Asymmetric carbon

From Wikipedia, the free encyclopedia
Jump to navigation Jump to search

An asymmetric carbon atom (chiral carbon) is a carbon atom that is attached to four different types of atoms or groups of atoms.[1][2] Le Bel-van't Hoff rule states that the number of stereoisomers of an organic compound is 2n, where n represents the number of asymmetric carbon atoms (unless there is an internal plane of symmetry); a corollary of Le Bel and van't Hoff's simultaneously announced conclusions, in 1874, that the most probable orientation of the bonds of a carbon atom linked to four groups or atoms is toward the apexes of a tetrahedron, and that this accounted for all then-known phenomena of molecular asymmetry (which involved a carbon atom bearing four different atoms or groups).[3] Knowing the number of asymmetric carbon atoms, one can calculate the maximum possible number of stereoisomers for any given molecule as follows:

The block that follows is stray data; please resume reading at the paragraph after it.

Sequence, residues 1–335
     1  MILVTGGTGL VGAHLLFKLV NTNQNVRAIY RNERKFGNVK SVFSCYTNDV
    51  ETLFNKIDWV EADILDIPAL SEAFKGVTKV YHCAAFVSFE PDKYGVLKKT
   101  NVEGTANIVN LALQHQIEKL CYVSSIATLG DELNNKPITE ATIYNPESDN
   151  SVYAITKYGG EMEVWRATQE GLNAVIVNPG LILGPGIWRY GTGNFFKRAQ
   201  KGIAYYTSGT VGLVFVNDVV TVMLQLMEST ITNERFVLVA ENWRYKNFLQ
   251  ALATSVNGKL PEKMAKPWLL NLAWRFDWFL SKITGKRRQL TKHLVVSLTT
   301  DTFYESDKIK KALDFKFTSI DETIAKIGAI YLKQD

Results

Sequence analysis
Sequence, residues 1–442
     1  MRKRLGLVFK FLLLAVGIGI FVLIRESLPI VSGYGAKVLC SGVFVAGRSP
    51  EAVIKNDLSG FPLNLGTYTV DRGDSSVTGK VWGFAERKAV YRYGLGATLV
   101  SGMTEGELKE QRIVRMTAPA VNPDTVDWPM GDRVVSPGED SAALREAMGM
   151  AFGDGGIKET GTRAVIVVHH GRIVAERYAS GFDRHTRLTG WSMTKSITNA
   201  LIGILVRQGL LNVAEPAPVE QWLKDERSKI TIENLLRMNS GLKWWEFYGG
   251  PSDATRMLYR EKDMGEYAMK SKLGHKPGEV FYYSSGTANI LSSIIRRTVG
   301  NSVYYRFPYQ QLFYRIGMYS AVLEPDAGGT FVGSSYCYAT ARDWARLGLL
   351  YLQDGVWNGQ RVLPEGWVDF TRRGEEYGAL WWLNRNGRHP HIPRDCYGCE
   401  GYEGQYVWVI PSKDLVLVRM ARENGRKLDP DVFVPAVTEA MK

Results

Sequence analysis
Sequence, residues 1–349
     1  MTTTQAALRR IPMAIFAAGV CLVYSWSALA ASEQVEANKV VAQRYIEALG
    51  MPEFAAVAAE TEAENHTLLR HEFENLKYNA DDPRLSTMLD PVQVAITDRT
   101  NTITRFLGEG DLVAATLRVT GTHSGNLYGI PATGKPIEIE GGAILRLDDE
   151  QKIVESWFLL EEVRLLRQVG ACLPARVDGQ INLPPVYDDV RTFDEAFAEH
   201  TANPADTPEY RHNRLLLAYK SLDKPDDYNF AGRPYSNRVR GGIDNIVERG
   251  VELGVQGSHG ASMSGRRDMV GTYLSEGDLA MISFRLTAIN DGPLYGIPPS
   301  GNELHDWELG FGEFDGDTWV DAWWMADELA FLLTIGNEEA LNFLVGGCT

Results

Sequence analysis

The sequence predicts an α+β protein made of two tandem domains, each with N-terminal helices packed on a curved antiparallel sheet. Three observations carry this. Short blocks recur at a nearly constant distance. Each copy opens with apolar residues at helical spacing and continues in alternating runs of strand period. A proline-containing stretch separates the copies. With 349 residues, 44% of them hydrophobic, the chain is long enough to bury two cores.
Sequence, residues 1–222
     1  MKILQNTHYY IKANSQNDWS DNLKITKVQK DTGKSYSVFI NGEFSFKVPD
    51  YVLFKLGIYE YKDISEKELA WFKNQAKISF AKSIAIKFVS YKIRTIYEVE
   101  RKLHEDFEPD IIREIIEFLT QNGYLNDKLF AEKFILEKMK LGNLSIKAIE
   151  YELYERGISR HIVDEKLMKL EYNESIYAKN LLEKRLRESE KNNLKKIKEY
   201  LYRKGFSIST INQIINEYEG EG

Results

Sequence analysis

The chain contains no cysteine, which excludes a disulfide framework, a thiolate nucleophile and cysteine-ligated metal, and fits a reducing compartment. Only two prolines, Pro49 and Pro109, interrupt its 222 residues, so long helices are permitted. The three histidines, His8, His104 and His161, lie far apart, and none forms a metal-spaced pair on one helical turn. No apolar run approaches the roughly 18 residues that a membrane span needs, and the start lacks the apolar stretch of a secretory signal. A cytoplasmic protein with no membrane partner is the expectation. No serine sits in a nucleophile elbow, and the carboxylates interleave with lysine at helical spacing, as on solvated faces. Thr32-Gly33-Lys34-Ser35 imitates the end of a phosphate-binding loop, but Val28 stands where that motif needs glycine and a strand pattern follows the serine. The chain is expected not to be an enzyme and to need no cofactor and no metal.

If n is the number of asymmetric carbon atoms then the maximum number of isomers = 2n (Le Bel-van't Hoff rule)

As an example, malic acid has 4 carbon atoms but just one of them is asymmetric. The asymmetric carbon atom is the one attached to two carbon atoms, an oxygen atom, and a hydrogen atom. One may initially be inclined to think this atom is not asymmetric because it is attached to two carbon atoms, but because those two carbon atoms are not attached to exactly the same things, there are two different groups of atoms that the carbon atom in question is attached to, therefore making it an asymmetric carbon atom:

example of an asymmetric carbon

A tetrose with 2 asymmetric carbon atoms has 22 = 4 stereoisomers:

2 asymmetric carbon atoms in a tetrose

An aldopentose with 3 asymmetric carbon atoms has 23 = 8 stereoisomers:

3 asymmetric carbon atoms in an aldopentose

An aldohexose with 4 asymmetric carbon atoms has 24 = 16 stereoisomers:

4 asymmetric carbon atoms in an aldohexose

The four groups of atoms attached to the carbon atom can be arranged in space in two different ways that are mirror images of each other, and which lead to so-called left-handed and right-handed versions of the same molecule. Molecules that cannot be superimposed on their own mirror image are said to be chiral like mirror image.


  1. ^ Stereochemistry of Organic Compounds Ernest L. Eliel, Samuel H. Wilen
  2. ^ IUPAC, Compendium of Chemical Terminology, 2nd ed. (the "Gold Book") (1997). Online corrected version:  (2006–) "asymmetric carbon atom". doi:10.1351/goldbook.A00479
  3. ^ "Le Bel-van't Hoff rule". TheFreeDictionary's Medical dictionary.